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Monday, February 3, 2014

How To Make DIY Koi Pond Filter

MAKE DIY KOI POND FILTER -- If you have idea and want to make your pond filter yourself, it is no problem. Pond filter must customised with your koi pond. Not every built in pond filter appropriate with the pond, so we must make DIY Koi Pond Filter. But the DIY Pond filter must can operation well.The most important factor in keeping the ecosystem in your Koi pond healthy is a working filter.



When water is being circulated and unnecessary debris is being removed there is less of a possibility that your fish will get ill or your pond will become infested with algae. Thankfully, you don't have to worry about spending a lot of money to get a great bio-filter for your pond. Learning how to make a Koi pond filter is a great do-it-yourself project that anyone can handle.







DIY Koi Pond Filter Video



Requirement For DIY Koi Pond Filter

Everything you need to make your filter can be found at your favorite home improvement store or online. A good filter can circulate approximately 50% of the water in your pond per hour.
To be able to accomplish this task you need to make sure that the pump you buy for your filter has enough power to move the amount of water needed. If you install your filter and your pump can't effectively move the water than you will have to disassemble the filter and start over. Remember, poor filtration will not keep your pond healthy or your Koi happy.

Here's your list of items that you'll need to make your Koi Pond  filter. The first thing you'll need is a large tub, basin, pot, or container. This vessel should be big enough to hold 5-10% of the amount of water in your pond. Therefore, the larger the pond means the larger the container will have to be.

The second thing you'll need is filter media. What is filter media? Well, you have several options. You can use lava rock, bio-balls, gravel, river rocks, or even golf balls. Pretty much anything that is non-toxic or harmful to fish that can be piled up so that water can go through can be used as filter media. It is in the media that helpful bacteria will gather. This doesn't mean that you shouldn't clean your media. You should clean it once a year to make sure that nothing clogs the filter.

The third thing you'll need is your pump and the tubing to connect the pump to the container and the water. To help create the proper balance for your pond you may want to introduce helpful bacteria if it is not already present. There are test kits available to let you know if this is a necessary step. If you do need to add the bacteria it can be purchased in liquid, granular, or powder form.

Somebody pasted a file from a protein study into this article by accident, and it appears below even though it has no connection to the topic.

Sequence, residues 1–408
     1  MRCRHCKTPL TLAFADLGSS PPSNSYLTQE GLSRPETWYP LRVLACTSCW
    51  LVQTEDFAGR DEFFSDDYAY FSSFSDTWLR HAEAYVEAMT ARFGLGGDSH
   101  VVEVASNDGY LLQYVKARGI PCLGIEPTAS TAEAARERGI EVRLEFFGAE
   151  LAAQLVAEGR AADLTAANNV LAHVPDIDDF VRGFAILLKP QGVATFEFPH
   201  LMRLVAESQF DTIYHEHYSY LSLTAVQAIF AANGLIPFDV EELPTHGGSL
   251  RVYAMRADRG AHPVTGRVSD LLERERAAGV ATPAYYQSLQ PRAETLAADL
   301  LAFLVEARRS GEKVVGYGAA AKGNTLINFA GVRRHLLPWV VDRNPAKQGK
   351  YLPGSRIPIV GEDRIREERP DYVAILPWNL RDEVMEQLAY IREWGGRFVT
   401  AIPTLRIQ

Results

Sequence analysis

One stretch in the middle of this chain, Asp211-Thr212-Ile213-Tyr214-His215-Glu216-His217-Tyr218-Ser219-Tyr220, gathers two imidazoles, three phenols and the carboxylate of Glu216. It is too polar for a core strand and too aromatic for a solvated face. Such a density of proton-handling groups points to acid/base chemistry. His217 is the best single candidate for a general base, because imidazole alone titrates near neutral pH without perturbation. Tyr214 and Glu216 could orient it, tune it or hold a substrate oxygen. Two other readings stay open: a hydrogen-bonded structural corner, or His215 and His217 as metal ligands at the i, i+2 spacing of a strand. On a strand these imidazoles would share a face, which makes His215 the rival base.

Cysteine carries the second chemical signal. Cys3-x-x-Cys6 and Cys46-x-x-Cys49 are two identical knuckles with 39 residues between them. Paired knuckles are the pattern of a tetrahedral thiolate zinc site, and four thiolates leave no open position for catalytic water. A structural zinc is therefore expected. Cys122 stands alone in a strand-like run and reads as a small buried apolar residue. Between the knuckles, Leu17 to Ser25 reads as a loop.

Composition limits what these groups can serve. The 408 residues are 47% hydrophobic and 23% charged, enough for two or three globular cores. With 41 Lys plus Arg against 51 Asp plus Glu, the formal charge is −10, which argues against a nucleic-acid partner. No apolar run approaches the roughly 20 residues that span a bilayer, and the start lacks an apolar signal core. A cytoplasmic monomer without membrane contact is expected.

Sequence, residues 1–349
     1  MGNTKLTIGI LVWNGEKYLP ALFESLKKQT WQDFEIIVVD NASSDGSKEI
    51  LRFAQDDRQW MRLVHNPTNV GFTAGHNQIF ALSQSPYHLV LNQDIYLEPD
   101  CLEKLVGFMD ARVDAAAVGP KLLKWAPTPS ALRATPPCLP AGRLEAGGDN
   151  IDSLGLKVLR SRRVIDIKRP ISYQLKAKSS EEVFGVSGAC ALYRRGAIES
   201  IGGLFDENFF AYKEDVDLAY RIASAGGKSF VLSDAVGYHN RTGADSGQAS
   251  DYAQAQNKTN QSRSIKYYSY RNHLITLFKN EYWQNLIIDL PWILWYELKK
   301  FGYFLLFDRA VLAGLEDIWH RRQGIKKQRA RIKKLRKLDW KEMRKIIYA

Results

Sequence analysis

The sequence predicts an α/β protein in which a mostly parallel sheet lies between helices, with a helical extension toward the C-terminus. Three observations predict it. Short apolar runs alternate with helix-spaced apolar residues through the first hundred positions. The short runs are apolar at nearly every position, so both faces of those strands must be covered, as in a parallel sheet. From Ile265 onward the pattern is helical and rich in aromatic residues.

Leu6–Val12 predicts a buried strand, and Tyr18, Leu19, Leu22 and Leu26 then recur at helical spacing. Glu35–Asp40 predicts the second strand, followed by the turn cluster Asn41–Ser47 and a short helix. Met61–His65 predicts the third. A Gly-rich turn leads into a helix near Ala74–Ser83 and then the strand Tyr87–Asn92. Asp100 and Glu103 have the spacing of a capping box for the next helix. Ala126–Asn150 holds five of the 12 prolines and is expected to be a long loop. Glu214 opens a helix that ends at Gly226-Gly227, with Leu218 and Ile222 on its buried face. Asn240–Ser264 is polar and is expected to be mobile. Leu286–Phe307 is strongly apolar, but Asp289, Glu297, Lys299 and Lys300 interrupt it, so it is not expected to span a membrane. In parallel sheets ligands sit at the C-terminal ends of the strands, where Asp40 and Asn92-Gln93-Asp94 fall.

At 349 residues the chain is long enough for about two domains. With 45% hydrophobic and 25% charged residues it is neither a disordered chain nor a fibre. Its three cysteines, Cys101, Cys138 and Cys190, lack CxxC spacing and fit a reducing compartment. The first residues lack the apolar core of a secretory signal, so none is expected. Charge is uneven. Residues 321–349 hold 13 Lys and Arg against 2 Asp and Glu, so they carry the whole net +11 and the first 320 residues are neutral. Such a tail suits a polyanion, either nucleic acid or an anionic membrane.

To construct your filter you need to place your container on one side of the pond so that the top of your container is higher than the water level of your pond so that the clean water is allowed to spill back into the pond. Because of the similarities to a waterfall many people prefer to hide the filter inside an arrangement of rocks to look like a water feature. This has the added benefit of bringing the soothing sound of moving water into your space. Just make sure you are able to get to the container for cleaning.

The pump for your filter goes directly into your pond. You’ll need access to an electrical outlet to power your pump. You can add tubing that goes from your filter into deeper parts of your pond if necessary. There will also be tubing that will go from the pump into your container. You can drill a hole in your container to insert the tubing through, but be sure to seal the hole around the tubing so that only clean water is inside the container. This tubing needs to be secured beneath your media so that the water coming in from the pond filters through your lava rocks (or whatever media you used) before filling the container.

As an addition to the standard filter you can attach a UV sterilizer unit to the tube that runs from your filter back into the pond. Using a UV sterilizer will kill any harmful bacteria that somehow made it back out of the filter. This is not a necessary step, but many pond owners like the added protection for their Koi.

Now that your filter has been installed you can turn it on. If everything has been hooked up properly then you should notice the water circulating after the container begins overflowing back into the pond. If the water is not moving than there may be a connection that has come apart. Turn off your system and check all of your connections. If everything is fine and the water is still not moving well then you may need a more powerful pump. Hopefully, nothing like that will happen and your DIY filter will work like a charm!

Learning how to make a Koi pond filter will help you be able to save money while keeping the ecosystem of your pond stable. This will not only keep the water in your pond clean and clear it will keep your Koi healthy. Now that your pond is in great shape you can sit back and enjoy the serenity of your Koi pond.


Source:
http://www.articlereaders.com/Art/85768/263/The-DIY-Guide-on-How-to-Make-a-Koi-Pond-Filter.html

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